Workplace Change — Survive It And Thrive
Change can be something we crave or something we dread but even when we crave it, there is the fear of the unknown lurking in the background. People are creatures of habit and as such we inherently distrust changes. At the same time, however, we know that change is often for the best, pick up the courage and do it. But what about work? Employees are not usually the ones initiating change but they are the ones most impacted by it. In fact, according to psychologists, change at the workplace is one of the greatest stressors one could experience. The reason change at work is such as stressful event, be it a promotion or raise, cost cuts or changes in the job description, which are among the most feared, is that it breaks the pattern of predictability. We like things to be predictable because it gives us greater control over the situation. Once this predictability is gone, it’s like the rug’s been pulled from under your feet.
Naturally, the biggest fear of them all is the fear of losing your job, a danger that could accompany changes like budget cuts, hiring freezes, and a reorganization, not to mention rumors about downsizing or a possible sale of the company. But promotion can also breed fear, the fear of proving to be unable to live up to expectations, the fear of looking like a fool, experts say, and add that all this is normal. It’s normal to feel uncertain and out of balance when a new boss comes to replace the old one who you were used to, even if you didn’t like her too much. It’s normal to be alarmed if the company is starting to lay off people. Knowing that such reactions are normal could help reduce the anxiety that goes with them. What’s not normal, or rather, not healthy, is reacting to any change in an entirely negative way, fighting the new situation and refusing to adapt, or even ignoring that a change had taken place. Stress and fear make us irrational but it is within our control to pull in their reins.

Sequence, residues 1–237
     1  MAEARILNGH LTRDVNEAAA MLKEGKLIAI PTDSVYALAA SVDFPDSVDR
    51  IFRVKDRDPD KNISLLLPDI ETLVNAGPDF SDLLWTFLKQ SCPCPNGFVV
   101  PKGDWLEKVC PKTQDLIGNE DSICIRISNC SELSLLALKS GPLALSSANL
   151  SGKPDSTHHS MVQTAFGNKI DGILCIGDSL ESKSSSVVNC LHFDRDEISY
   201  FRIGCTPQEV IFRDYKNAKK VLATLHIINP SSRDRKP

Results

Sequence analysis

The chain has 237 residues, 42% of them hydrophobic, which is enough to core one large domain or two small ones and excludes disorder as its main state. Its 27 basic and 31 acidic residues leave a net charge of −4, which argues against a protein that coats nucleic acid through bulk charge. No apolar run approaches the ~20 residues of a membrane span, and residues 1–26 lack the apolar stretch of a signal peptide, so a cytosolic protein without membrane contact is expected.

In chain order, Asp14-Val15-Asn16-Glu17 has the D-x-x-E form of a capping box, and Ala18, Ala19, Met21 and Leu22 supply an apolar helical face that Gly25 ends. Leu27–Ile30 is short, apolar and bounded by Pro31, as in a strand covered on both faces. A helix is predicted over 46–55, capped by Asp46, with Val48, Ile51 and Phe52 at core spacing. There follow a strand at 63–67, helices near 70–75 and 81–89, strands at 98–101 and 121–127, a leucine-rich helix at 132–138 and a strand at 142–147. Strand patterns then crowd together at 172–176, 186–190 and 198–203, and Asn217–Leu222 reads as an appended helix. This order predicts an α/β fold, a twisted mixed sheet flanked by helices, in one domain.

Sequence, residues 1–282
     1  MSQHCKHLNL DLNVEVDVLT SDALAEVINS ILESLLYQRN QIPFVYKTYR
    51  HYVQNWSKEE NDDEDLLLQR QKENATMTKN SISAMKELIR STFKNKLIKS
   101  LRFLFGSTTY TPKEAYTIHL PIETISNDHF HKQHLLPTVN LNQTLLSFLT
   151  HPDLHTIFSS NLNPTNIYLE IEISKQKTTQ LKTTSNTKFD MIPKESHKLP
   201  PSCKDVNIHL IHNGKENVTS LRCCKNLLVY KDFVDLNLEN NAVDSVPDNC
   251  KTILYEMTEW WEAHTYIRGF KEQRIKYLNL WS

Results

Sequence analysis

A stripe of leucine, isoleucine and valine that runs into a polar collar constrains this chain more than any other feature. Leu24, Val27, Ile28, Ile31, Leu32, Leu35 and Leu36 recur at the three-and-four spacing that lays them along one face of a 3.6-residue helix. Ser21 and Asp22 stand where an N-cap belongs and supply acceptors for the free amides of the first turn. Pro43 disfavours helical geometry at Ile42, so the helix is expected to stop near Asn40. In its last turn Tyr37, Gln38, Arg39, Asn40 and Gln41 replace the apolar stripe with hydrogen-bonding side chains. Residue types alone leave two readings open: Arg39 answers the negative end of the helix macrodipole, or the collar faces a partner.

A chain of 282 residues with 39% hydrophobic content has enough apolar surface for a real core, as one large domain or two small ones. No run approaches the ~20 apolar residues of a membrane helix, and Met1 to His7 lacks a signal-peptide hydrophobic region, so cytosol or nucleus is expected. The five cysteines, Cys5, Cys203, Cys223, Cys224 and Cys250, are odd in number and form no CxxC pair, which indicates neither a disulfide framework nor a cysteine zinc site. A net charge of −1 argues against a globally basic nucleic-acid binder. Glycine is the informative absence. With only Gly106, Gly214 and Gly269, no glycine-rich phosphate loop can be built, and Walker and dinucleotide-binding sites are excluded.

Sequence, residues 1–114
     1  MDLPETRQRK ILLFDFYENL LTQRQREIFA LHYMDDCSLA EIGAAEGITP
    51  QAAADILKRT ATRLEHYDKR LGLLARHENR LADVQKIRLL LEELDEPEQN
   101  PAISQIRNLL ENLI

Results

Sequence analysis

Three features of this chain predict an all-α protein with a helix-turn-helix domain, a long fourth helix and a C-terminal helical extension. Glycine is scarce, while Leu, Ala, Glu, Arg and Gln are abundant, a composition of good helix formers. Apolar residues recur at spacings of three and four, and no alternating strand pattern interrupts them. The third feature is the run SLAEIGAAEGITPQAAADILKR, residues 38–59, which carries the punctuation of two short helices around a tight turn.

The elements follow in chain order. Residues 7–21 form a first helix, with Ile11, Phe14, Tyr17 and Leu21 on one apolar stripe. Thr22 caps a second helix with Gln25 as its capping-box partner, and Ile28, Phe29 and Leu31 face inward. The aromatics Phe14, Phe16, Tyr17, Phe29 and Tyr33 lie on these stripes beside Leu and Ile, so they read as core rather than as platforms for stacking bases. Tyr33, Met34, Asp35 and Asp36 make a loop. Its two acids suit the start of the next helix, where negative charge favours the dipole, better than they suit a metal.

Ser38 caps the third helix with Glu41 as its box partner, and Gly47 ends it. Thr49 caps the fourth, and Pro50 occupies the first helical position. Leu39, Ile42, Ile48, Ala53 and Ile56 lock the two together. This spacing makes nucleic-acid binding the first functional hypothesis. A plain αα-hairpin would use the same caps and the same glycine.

The first step is to acknowledge both the new situation and your fear of it. It might help if you list your fears in writing and then add some ideas of how you would cope should any of these fears come to fruition. Sharing these fears with others is also a good coping tactic. Talking to co-workers, your family and friends will all help you overcome your anxieties, seeing that you’re not the only one having them and knowing that you have close people to rely on should they become a reality. Another very important thing is to keep your expectations realistic. We may be creatures of habit but we’re also creatures of adjustment, otherwise we wouldn’t have survived. So, while a change is more likely than not to make you feel uncomfortable and uncertain for a while, as time goes by you will adjust and you may even find the change has been for the best. Give yourself time to get used to the new situation, try to be flexible and be ready to co-operate. This will help you pass through this transition more quickly and with less stress, as you gradually accept the fact that things have changed and that’s how they will be from now on. Until the next change.